Answering local housing shortage with new units
If you are a fan of HGTV’s Tiny House episodes, you already are familiar with the tiny house movement that has been sweeping across America. This growing international movement is grabbing attention on CNN, Associated Press, The Guardian, The Huffington Post, NBC, PBS and many more media outlets.
According to thetinylife.com, “Simply put, it is a social movement where people are deciding to downsize the space they live in. The size of a typical American home is around 2,600 square feet, whereas the typical small or tiny house is between 100 and 400 square feet. Tiny houses come in all shapes, sizes, and forms, but they all have one thing in common: Enable simpler living in a smaller, more efficient space.”
Environmental concerns, financial concerns and the desire for more time and freedom are the most popular reasons people want to live in a tiny house. The website also notes that for most Americans, one-third to one-half of their income is dedicated to housing costs. Hence, 76 percent of Americans are living paycheck to paycheck.
So what is the alternative? Judging by several local blogs and Facebook communities, some homeowners in Hawaii already are living the tiny house alternative. It seems to make sense in a state where the cost of living has skyrocketed over time and median house prices are well over $700,000.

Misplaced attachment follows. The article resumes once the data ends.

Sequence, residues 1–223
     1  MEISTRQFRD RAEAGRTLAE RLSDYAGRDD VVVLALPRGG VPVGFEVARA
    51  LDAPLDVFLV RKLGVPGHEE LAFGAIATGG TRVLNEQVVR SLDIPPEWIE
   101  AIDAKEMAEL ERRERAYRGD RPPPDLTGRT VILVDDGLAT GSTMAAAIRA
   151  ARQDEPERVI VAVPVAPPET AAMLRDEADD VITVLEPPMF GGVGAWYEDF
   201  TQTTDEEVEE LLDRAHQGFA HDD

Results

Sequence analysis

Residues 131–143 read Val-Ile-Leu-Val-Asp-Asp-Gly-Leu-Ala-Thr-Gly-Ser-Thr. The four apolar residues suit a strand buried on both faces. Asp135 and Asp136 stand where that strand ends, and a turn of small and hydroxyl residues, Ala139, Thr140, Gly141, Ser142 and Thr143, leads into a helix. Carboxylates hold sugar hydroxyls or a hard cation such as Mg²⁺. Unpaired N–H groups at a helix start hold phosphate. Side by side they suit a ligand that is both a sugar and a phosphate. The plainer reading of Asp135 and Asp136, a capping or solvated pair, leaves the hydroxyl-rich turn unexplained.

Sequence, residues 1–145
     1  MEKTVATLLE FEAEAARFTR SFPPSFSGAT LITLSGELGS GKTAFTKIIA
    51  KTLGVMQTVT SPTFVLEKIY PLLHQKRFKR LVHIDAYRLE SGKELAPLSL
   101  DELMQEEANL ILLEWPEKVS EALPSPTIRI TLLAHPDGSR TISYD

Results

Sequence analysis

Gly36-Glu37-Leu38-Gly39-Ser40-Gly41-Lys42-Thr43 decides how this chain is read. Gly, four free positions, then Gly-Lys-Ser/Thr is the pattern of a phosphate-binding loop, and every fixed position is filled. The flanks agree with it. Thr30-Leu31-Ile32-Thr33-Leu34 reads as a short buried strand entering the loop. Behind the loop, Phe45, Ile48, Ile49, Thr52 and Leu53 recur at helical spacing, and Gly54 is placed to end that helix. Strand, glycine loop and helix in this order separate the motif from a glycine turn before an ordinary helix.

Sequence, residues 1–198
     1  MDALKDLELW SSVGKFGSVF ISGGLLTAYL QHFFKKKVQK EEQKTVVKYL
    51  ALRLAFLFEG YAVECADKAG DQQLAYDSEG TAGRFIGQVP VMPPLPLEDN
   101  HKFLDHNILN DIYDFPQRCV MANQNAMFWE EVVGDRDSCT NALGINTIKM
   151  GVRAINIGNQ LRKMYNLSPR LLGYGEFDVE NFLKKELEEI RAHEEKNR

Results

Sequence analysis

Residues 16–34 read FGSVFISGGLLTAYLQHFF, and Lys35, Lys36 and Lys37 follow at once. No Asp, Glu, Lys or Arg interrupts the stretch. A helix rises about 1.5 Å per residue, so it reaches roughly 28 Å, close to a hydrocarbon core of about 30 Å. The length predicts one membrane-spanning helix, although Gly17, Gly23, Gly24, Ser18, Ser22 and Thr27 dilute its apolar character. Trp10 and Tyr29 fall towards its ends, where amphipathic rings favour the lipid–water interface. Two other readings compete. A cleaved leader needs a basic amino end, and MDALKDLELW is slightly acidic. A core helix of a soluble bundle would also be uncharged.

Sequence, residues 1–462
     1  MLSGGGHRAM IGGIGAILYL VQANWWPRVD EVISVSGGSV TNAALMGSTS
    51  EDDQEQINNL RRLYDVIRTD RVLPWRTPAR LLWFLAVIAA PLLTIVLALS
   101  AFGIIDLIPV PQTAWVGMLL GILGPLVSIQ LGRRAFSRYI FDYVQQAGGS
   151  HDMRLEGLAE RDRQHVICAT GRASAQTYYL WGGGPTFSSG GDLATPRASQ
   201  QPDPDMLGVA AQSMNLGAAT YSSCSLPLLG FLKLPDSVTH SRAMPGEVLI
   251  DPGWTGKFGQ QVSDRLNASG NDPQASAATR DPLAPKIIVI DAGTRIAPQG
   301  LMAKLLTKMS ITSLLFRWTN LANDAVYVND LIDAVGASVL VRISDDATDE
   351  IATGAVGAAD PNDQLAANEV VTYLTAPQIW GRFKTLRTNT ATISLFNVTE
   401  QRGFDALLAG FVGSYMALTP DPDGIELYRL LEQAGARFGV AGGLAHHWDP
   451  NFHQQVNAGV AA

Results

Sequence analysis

Embracing its “Life matters” brand philosophy, HawaiiUSA Federal Credit Union continuously strives to understand the needs of its more than 120,000 members. For many, the need for affordable housing is great.
HawaiiUSA wants to be part of the housing shortage solution. With the approval and signing of Bill 20 last month, the credit union is informing its members about Accessory Dwelling Units (ADU). The new city ordinance allows homeowners to construct a 400to 800-square-foot ADU (attached or detached) on their property. They can exist island-wide, with the exception of planned communities where covenants prohibit such dwellings. These smaller-sized units will ensure that rents remain affordable.
For seniors, an ADU may offer the ideal living solution. Those looking to down-size can move into an ADU on their own property, leaving the main house for grown children and grandkids. Or, because the ordinance now allows homeowners to rent to a non-relative, the ADU could house a paying tenant, possibly a caregiver. The additional rent money could help those on a fixed income.
“Maybe these ADUs are Hawaii’s answer to the tiny house movement,” said SVP and HawaiiUSA group director of marketing and community outreach Scott Kaulukukui. “Whether it’s a tiny house or a remodel, HawaiiUSA’s Home Equity Line of Credit could help kick start any home building project.”
“Providing the right financial solution to start any building project is always a key objective at our credit union,” said SVP and HawaiiUSA chief lending officer Gwen Yamamoto-Lau. “To best serve our members, we will work to ensure that our loan programs are well aligned with the requirements of the new ADU ordinance.”
For more information, contact HawaiiUSA at 534-4300 or toll-free at (800) 379-1300.
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